This is particularly interesting to us here at St. Helen’s College at the moment as we are in the process of reviewing our behaviour rewards and sanctions system for Upper School. As we do so, we are very mindful that we need the full support of parents for any such system to work effectively. Parents and school staff together must model and praise good behaviour, and remind children where behaviour is not acceptable. Consistency is key; a child must not get ‘mixed messages’ from school and home; we know, therefore, that school must communicate expectations and systems clearly to parents in order that the home-school partnership can operate effectively in this area.
In setting and communicating such expectations and systems, we must tread a delicate but purposeful path; we cannot take too ‘soft’ or too ‘hard’ a line. Schools are busy communities of learning and enrichment and, in order for children to learn effectively, a positive and harmonious environment must be maintained. The most common reason cited for expulsion or exclusion from schools in general is ‘persistent disruptive behaviour’ and this is no surprise. If a minimum standard of behaviour is not maintained in a classroom and around a school in general, then effective learning and child development cannot take place. Working consistently towards a high standard of behaviour is crucial in any school environment and particularly so in an independent school, where paying customers (you, the parents!) have a right to expect that children’s learning will not be negatively affected by the poor behaviour of other pupils. It is also paramount that schools protect the wellbeing of their staff; teachers and support staff cannot operate to the best of their ability and provide excellent teaching and learning opportunities if their positivity and enthusiasm are worn away by disruptive behaviour.
The Telegraph article made much of the erosion of teachers’ authority over the years by parents who may have questioned the work of schools, criticised teachers and encouraged children not to ‘play by the rules’. It stated, quite rightly, that children need order and structure in their lives, and that schools work to provide this by instilling self-discipline through encouragement and example and by giving pupils clear guidelines as to how to conduct themselves. It pointed out that, despite this, sometimes pupils need to be called to account, to realise that they are part of a community whose attendance at school is to learn and that they have no right to deprive others of an education.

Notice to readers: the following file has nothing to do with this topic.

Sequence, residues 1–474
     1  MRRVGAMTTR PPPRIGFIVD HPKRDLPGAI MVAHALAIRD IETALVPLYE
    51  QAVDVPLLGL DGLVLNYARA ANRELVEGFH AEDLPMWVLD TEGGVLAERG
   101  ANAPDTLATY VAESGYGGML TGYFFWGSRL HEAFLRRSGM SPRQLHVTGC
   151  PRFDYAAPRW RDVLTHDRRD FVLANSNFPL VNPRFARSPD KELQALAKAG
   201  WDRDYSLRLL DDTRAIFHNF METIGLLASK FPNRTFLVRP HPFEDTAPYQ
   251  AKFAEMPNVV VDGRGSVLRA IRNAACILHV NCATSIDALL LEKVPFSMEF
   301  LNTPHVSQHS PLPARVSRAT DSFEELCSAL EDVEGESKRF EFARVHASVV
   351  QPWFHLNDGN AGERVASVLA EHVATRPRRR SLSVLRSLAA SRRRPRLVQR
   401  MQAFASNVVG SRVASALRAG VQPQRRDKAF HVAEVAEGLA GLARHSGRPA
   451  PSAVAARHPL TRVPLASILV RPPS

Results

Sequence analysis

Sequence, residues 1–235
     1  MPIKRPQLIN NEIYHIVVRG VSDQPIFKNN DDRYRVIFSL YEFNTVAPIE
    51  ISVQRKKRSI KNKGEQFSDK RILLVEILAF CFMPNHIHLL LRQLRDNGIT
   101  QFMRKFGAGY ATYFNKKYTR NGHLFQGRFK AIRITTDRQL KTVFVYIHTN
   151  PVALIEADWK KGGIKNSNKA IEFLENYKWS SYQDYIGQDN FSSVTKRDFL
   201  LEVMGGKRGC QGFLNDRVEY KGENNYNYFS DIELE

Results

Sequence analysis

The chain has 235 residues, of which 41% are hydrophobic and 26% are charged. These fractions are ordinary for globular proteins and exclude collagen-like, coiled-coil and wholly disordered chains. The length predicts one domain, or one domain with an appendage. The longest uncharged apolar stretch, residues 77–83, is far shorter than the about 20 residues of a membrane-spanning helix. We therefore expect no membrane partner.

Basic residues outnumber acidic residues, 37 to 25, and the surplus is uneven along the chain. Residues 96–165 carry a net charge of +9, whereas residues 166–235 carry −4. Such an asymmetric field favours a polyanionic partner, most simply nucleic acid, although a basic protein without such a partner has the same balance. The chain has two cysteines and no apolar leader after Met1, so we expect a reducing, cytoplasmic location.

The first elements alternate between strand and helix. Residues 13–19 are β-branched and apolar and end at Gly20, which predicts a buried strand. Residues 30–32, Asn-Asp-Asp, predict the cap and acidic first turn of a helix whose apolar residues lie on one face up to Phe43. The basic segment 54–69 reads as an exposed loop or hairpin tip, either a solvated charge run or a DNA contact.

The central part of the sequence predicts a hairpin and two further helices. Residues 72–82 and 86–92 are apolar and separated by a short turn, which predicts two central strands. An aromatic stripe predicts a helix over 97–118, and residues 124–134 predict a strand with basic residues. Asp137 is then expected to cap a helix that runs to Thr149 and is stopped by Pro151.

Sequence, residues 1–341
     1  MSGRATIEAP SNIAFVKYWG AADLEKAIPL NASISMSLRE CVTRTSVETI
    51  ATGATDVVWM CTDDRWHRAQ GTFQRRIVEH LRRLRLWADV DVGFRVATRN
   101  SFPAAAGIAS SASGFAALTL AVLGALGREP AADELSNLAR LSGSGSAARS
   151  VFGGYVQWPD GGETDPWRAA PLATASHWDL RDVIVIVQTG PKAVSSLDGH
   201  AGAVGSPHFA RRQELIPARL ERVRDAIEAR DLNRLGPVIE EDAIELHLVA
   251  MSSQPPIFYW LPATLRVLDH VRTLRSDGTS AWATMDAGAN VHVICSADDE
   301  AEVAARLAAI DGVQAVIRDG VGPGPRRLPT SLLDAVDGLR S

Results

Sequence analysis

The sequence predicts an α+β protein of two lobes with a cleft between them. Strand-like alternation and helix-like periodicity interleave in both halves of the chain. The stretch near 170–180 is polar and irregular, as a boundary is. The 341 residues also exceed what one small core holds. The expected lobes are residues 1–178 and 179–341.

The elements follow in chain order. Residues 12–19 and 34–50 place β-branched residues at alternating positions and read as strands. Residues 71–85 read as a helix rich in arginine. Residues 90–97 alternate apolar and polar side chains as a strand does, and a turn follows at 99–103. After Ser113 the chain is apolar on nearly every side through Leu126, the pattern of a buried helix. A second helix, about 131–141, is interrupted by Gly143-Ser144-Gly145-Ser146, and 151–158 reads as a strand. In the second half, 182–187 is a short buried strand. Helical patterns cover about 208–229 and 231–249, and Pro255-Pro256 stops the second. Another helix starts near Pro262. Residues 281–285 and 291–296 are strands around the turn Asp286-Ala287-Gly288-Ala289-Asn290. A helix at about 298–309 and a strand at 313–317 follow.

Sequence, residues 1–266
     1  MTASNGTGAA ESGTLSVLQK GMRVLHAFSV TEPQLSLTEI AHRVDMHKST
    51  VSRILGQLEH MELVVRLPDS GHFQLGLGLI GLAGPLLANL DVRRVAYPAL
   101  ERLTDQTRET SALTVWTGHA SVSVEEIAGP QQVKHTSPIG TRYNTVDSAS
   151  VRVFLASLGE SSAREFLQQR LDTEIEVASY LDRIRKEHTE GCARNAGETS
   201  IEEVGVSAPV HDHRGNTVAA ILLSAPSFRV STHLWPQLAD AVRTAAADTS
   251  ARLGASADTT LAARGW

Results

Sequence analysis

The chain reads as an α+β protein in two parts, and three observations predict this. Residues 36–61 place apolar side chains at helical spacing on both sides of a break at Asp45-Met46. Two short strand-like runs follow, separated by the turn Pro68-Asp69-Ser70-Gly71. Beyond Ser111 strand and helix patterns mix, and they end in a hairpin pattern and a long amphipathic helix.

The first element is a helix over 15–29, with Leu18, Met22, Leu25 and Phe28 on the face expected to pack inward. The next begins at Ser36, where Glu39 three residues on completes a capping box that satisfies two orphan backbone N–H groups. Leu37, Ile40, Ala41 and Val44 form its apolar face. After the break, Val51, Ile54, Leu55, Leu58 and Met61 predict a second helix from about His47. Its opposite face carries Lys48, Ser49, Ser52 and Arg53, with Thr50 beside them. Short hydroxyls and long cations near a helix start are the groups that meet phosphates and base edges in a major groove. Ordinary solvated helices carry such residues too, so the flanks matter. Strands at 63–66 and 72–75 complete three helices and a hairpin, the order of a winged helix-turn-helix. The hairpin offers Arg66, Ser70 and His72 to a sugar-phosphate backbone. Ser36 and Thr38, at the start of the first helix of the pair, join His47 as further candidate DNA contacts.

All of this is true. Yet, over the last two decades, it has fallen out of fashion for schools to ‘discipline’ children. With its undertone of ‘punishment’, even the word ‘discipline’ can evoke fear and dread. We have considered this carefully recently, in consultation with staff, pupils and parents, and it is no surprise that our community is in agreement on this point. At St. Helen’s College, a community based on love and family, we do not like the idea of ‘punishment’ and nor do we wish to create a culture of fear, or dread of sanctions, amongst our wonderful and cherished children. How, then, do we maintain the highest standards of behaviour without hanging the ‘threat’ of chastisement over our pupils’ heads?
The answer, as so often, seems to lie in the history of our language. It is true that the word ‘discipline’ has negative connotations nowadays. In fact, though, the word comes from ‘discipulus’, the Latin word for pupil, which also provides the source of the word disciple. Discipline was not historically, and nor should it be, a negative thing. As the root word suggests, it should be the voluntary following of a good example and the reminder that virtue is its own reward. Discipline should be choosing to reflect on and improve one’s own behaviour in the hope of living a good, productive life of service to oneself and others.
We are therefore going to base our new behaviour system on providing chances for pupils to reflect upon and improve sub-standard behaviour. Thankfully, sub-standard behaviour is rare here; but, if children’s words or actions do ever fall below the standard of behaviour we expect, encourage and rely upon from our pupils, we will ask them to spend time thinking about what they have said or done, and coming to their own conclusions about how to improve their behaviour in future. Sometimes, particularly at the start, we may need to guide pupils a little through this process. Such guidance will be provided with love and with the idea firmly in mind that children must be encouraged and reminded to be ‘disciples’ of good, not reprimanded or punished for wrongdoing. Expectations will be high, as they always have been at St. Helen’s College, of staff, children and parents and we trust that parents will work with the school to set high standards and to reinforce these expectations in the children. We are lucky to have a hugely supportive and like-minded parent body and we are proud to be able to work with you to ensure that your children’s values are secure and that their behaviour is exemplary.
After all, as the Telegraph concluded, ‘education is not about ‘them’ and ‘us’ or cheap point-scoring. It is about improving the future life chances of all our children'.